The Psychology of Lean Improvements
Fear of change—we all experience it. Some accept change immediately, some gradually adapt, while others may never get there. Whether it’s poor leadership, the inability to change, or pure ego, this book explores this perplexing commitment to inefficiency. The Psychology of Lean Improvements: Why Organizations Must Overcome Resistance and Change the Culture examines the psychology behind why businesses avoid Lean transformations. It investigates why businesses cling to the eight deadly wastes and why they still find ways to place continuous improvement on the back burner.
Frequently sought out for his expertise in Lean manufacturing, Chris Ortiz has been featured in a number of trade publications and on the television show Inside Business with Fred Thompson. In this book, Mr. Ortiz breaks down the fear of change within executives and organizational leaders. He examines the psychology of dysfunction, provides insight into why so many businesses fall short in creating visions for growth and prosperity, and identifies tools that can help you address resistance to change.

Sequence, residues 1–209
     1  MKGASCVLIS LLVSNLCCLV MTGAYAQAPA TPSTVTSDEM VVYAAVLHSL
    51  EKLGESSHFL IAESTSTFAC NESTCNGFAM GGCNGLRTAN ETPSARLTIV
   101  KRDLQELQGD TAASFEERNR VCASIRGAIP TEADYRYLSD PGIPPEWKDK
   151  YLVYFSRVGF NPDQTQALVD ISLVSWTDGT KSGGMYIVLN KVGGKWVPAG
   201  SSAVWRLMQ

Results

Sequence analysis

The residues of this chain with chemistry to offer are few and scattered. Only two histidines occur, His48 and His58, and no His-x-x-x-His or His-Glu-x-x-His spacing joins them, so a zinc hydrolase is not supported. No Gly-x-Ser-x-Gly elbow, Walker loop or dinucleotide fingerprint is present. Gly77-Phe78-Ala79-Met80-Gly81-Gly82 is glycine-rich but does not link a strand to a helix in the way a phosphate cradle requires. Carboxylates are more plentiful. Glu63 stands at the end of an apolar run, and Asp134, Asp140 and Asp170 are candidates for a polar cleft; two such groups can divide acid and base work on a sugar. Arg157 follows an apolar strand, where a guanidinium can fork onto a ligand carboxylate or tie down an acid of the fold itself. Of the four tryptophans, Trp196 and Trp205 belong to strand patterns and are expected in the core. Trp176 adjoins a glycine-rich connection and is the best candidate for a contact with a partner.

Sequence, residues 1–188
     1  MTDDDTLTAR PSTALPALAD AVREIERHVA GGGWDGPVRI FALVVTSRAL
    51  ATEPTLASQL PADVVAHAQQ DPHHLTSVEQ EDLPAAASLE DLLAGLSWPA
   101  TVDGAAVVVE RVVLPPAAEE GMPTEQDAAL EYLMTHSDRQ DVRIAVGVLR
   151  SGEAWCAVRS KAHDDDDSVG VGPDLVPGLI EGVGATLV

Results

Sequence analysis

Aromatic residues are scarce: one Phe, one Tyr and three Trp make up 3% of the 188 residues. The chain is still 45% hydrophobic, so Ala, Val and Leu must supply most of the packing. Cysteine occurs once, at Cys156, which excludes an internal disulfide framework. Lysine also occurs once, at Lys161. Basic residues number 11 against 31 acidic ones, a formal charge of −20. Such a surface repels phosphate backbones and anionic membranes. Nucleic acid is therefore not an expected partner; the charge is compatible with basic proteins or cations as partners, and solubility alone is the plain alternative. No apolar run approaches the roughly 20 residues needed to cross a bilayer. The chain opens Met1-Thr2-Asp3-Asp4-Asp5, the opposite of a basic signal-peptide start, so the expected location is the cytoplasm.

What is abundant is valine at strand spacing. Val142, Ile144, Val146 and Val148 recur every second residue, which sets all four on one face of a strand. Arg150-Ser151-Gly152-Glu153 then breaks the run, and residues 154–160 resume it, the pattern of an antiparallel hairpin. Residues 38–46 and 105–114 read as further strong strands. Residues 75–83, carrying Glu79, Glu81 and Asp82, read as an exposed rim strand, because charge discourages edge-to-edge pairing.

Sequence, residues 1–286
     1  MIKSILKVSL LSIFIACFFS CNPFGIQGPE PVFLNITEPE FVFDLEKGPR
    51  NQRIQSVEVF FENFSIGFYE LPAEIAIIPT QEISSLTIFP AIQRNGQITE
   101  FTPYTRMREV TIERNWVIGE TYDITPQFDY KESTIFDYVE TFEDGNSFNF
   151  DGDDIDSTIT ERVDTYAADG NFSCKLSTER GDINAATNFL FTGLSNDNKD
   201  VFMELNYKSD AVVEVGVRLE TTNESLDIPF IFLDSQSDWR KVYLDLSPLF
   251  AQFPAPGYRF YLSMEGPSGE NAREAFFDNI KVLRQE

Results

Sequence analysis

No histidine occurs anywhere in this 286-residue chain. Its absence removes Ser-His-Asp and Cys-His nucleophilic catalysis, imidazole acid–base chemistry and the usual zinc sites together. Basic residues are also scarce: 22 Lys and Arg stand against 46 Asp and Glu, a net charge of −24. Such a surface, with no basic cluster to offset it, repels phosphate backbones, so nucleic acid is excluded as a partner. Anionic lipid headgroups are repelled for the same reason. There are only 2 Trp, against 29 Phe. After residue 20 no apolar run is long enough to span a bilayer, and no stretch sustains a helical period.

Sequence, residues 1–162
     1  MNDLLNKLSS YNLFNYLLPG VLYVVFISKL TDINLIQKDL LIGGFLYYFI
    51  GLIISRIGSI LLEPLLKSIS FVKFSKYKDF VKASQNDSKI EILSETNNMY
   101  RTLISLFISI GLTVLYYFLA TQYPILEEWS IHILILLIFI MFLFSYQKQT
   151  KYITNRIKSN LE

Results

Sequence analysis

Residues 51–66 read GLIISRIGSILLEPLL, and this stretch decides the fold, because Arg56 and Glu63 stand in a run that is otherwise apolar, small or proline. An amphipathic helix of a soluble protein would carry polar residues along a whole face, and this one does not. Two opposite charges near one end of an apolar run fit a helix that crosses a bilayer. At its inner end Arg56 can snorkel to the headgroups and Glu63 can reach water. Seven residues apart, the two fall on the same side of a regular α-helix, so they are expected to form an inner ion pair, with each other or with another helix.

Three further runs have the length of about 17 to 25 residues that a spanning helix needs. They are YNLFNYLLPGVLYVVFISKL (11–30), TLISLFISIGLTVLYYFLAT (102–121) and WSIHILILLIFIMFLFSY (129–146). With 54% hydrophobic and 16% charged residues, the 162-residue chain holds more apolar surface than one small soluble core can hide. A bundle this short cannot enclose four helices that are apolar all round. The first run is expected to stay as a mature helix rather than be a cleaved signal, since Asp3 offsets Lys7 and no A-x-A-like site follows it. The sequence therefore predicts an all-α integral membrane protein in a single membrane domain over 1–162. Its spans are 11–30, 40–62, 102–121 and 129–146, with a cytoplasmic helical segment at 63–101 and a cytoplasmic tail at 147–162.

Detailing implementation techniques with a proven track record for success, the book considers specific strategies that can be helpful towards improving your company and changing its culture—including cellular manufacturing, total productive maintenance, setup reduction, Kanban, visual communication, and in-line production. It explains how to get started on your Lean transformation, describes why an economic downturn might be a good time to embrace Lean, and warns of the dangers behind failing to do so.
About the Shingo Institute
Housed at the Jon M. Huntsman School of Business at Utah State University, the Shingo Institute is named after Japanese industrial engineer Shigeo Shingo. Shingo distinguished himself as one of the world's thought leaders in concepts, management systems and improvement techniques that have become known as the Toyota Business System. Drawing from Shingo's teachings and years of experience working with organizations throughout the world, the Shingo Institute has developed the Shingo Model™ which is the basis for several educational offerings including workshops, study tours and conferences. It also awards and recognizes organizations that demonstrate an exceptional culture that continually strives for improvement and progress. Those interested in more information or in registering to attend the 30th International Shingo Conference may visit www.shingo.org.